The skite part of the word is a little harder to pin down. But World Wide Words offers this plausible explanation:

Skate (or skite as Australians and New Zealanders use it) is the Scots word for a person held in contempt because of his boasting. Note the use of the male pronoun “his.” A female would never …well okay maybe. Nevermind.

It’s thought that skite derives from an Old Norse word meaning to shoot. If this is indeed true, it could be the origin of the American word skeet, as in skeet shooting. Which means that skeet shooting actually means “shoot shooting.”

In any case, blatherskite is first recorded in use in an old Scots ballad called Maggie Lauder, attributed to Francis Sempill (or Semple) and dated to about 1643.

The last line in the first verse is written this way: “Jog on your gate ye blether skyte, my name is Maggie Lauder.” It roughly translates to: “Be on your way, you talkative boaster, my name is Maggie Lauder.”

The song was considered a bit risqué (the piper, for instance, explains how all the girls swoon when he blows his chanter) and was very popular with the American side in the War of Independence. This introduced bletherskate, later blatherskite, to the American vocabulary.

It’s still in the dictionary. And I suppose there are some people who might use this word from time to time. But honestly, I’m not really one of them. I have, however, been known to call myself a total nincompoop from time to time.

American Heritage Dictionary of the English Language, 1970 edition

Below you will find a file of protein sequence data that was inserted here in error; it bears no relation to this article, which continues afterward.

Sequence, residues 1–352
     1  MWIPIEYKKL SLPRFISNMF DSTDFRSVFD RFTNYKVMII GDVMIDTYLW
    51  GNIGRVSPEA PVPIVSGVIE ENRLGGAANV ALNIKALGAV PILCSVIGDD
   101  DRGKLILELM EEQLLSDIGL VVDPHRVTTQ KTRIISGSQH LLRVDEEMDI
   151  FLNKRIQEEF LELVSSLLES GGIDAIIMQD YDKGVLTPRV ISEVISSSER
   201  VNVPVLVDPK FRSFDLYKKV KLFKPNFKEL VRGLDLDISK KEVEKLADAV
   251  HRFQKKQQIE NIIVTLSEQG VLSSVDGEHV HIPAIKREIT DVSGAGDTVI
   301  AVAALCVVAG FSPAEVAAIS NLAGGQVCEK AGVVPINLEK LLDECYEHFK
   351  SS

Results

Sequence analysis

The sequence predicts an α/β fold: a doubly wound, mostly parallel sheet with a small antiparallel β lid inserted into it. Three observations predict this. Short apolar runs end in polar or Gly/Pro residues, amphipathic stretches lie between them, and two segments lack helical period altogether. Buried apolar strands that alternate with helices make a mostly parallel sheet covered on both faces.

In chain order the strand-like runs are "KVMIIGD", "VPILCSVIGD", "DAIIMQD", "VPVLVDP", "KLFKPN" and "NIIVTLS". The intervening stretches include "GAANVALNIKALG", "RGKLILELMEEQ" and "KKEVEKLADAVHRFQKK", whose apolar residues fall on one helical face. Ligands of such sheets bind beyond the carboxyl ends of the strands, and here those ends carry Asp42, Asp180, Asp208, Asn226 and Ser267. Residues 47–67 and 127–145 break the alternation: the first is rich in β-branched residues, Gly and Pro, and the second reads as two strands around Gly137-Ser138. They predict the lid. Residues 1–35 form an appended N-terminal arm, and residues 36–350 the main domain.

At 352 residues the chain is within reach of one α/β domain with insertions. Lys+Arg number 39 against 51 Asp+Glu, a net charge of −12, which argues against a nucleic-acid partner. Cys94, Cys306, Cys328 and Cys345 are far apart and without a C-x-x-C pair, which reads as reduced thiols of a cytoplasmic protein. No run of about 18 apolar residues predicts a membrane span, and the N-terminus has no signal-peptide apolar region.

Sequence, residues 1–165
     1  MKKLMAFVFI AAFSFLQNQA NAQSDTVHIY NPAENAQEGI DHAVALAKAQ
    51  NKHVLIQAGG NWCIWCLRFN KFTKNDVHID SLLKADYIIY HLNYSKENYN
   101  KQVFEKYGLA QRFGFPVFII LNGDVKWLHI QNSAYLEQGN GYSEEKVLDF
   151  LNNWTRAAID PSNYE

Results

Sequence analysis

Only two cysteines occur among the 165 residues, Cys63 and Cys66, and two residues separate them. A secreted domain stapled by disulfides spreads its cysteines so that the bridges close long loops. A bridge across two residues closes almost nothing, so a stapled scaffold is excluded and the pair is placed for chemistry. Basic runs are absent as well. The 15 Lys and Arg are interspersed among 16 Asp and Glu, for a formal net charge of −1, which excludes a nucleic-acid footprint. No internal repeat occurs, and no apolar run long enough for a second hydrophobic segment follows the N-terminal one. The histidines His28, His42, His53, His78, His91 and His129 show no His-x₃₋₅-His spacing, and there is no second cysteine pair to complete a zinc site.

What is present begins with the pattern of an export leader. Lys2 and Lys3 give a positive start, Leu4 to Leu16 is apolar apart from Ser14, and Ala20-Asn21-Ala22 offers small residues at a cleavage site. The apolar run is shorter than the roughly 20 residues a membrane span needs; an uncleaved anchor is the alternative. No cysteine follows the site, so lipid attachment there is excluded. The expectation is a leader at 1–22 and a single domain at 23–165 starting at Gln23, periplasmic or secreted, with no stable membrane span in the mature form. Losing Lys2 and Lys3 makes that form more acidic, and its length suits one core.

My ancient dictionary did not have any version of lollygag in it. I am sooo disappointed.


Simply put, lollygag means to spend time aimlessly, to be idle, or to dawdle.

There is a lot of uncertainty surrounding the origins of this word. Etymonline says it might have stemmed from dawdle or dally. In American English, Etymonline indicates it is better known as lallygag (really? Could have fooled me). And the whole mess might be the result of adding the dialectal lolly meaning “tongue” to gag meaning to deceive or a trick.

But how a tongue trick becomes synonymous with wasting time is beyond me. And if you ask me, this also sounds a little bit risqué.

So then I wondered about lollipop. Don’t the British refer to a lollipop as simply lolly? And if lolly really does mean tongue, isn’t that just a little weird?

Well, I guess I had better stop lollygagging and put an end to all this blather before everyone thinks I really am a total nincompoop.

Soliciting an Editorial Review

Author: Dean Koontz